Although you should write content for people and not search engines, you should also use proper keyword density throughout each page of your Web site. First, you want to optimize each page of your Web site for no more than one or two target keywords, while at the same time making sure that you do not inadvertently repeat non-target keywords. By using available tools to maximize optimal keyword density, you can incorporate a substantial number of target keywords throughout your content without compromising the naturally flowing aesthetics of the writing.

You should keep in mind a few important content creation principles as you build your Web site. First, search-engine algorithms cannot read text that is included in images. Therefore, always include important text and target keywords that appear in images in text form. You can still use images, but search engines cannot read the text contained within them. Second, when drafting your content you can use a powerful content- creation principleal called latent semantic content, which involves using keywords very similar to your target keywords to enhance the theme and relevance of your page. For example, if your target keyword is “Old Spice,” you can also use words like “deodorant” and “cologne” to enhance the thematic relatedness and relevancy of your page for your target keyword “Old Spice.”

Next up is Chapter 7 – Creating Communities.

Click any of the links below to read previews from previous chapters:

Chapter 1 – Intro to SEO
Chapter 2 – Keyword Generation
Chapter 3 – Creating Pages
Chapter 4 – Basic Web Site Structure
Chapter 5 – Advanced Web Site Structuring
Chapter 6: Creating Content

7 Responses to “SEO Visual Blueprint 2nd Edition Preview – Chapter 6: Creating Content”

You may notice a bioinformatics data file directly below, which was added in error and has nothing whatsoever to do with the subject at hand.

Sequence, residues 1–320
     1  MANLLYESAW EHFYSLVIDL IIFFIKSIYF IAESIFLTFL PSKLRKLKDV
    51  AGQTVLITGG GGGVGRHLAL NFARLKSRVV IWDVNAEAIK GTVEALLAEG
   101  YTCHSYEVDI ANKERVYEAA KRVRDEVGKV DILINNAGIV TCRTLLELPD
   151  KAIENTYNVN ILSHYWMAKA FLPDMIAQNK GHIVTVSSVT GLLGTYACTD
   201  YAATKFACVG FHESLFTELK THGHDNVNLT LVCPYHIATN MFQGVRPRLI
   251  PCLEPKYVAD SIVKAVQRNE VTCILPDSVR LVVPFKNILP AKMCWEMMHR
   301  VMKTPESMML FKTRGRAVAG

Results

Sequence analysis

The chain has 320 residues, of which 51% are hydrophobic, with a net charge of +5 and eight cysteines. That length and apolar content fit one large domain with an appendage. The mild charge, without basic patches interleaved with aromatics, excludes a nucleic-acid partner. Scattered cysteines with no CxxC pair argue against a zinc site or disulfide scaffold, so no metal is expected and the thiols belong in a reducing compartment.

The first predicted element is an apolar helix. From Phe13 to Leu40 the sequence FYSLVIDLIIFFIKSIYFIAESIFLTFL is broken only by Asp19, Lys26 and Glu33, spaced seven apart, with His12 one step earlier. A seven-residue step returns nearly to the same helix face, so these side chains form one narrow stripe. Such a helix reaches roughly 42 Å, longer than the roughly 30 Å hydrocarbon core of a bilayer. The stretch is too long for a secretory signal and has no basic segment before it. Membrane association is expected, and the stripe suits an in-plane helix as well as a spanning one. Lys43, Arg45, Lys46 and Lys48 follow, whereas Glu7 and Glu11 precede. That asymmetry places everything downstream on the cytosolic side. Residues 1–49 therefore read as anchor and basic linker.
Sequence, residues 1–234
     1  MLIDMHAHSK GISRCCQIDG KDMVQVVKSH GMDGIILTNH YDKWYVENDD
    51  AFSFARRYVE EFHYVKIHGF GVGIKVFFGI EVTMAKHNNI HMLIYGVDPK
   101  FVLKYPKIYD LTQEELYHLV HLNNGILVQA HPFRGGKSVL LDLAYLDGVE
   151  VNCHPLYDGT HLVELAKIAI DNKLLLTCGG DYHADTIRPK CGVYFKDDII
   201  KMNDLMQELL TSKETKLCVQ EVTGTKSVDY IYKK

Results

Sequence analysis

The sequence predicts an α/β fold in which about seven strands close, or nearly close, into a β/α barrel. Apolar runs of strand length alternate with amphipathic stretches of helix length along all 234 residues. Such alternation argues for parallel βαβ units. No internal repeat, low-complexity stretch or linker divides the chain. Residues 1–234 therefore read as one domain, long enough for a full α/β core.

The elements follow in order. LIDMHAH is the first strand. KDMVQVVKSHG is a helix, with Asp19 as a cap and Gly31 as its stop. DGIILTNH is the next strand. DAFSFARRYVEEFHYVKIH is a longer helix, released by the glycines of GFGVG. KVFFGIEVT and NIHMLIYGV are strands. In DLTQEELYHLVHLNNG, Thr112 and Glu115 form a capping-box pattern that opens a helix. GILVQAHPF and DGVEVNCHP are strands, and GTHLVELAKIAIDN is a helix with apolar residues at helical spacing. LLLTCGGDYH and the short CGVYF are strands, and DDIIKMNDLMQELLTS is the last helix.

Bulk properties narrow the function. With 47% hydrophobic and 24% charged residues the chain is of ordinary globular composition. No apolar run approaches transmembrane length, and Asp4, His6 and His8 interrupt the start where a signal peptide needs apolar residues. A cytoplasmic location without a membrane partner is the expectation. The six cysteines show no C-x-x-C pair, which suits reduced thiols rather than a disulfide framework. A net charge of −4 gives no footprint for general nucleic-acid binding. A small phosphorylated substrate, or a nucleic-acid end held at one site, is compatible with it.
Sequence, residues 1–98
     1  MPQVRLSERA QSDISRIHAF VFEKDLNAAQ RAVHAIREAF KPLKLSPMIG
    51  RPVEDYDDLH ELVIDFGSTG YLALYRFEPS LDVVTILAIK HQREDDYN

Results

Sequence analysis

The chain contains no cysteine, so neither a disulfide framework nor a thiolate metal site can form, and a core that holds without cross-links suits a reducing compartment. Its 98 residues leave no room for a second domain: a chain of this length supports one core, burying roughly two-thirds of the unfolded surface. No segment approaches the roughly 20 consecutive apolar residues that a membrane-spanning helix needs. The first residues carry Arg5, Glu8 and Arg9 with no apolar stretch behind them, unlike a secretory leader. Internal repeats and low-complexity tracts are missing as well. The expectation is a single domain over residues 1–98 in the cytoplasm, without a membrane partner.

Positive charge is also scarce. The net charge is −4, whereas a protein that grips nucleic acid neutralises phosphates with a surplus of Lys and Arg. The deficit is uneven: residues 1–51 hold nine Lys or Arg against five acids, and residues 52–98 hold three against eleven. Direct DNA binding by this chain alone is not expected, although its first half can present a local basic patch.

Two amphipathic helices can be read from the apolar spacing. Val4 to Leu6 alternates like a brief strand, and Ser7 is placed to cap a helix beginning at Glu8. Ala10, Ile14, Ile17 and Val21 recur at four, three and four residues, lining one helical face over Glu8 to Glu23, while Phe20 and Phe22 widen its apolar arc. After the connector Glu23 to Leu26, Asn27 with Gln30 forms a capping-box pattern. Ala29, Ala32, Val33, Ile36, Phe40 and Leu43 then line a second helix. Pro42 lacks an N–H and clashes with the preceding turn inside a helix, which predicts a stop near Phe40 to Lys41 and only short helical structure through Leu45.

1. Gerri

    Hi Kris,

    I got our book some weeks ago and have slowly been reading through and implementing what you have discussed in it. I have a question about duplicate content, there are a few sites out there that are news aggregators and pretty much spit out content that has been published on a variety of sites. Some of them seem to be doing well in terms of SEO. You mentioned duplicate content as something to avoid. How do sites like these get away with this?

    By the way, I will be post a review to Amazon and on my blog in a week or two. And, thank you so much for the book, it is a GEM.

    Gerri

    Reply
  2. krisjonescom

    Gerri – thanks for the positive comments about my book!

    I guess you can say there are at least two different types of duplicate content – (1) aggregator sites like Shopzilla, Edmunds, etc. and (2) non-aggregator sites that poach content, but add no apparent value to the reader.

    Google seems to differentiate between the Shopzilla\’s and poachers of the world by concluding that Shopzilla adds value beyond the content. For instance, Shopzilla offers reviews, comparisons, etc (so does Edmunds and most successful aggregators that continue to rank on Google).

    In contrast, simply copying content from another site without presenting that content in a way that differentiates it from the original will typically get that site or the content anyway delisted from Google.

    Your question is a good one!

    Kris

    Reply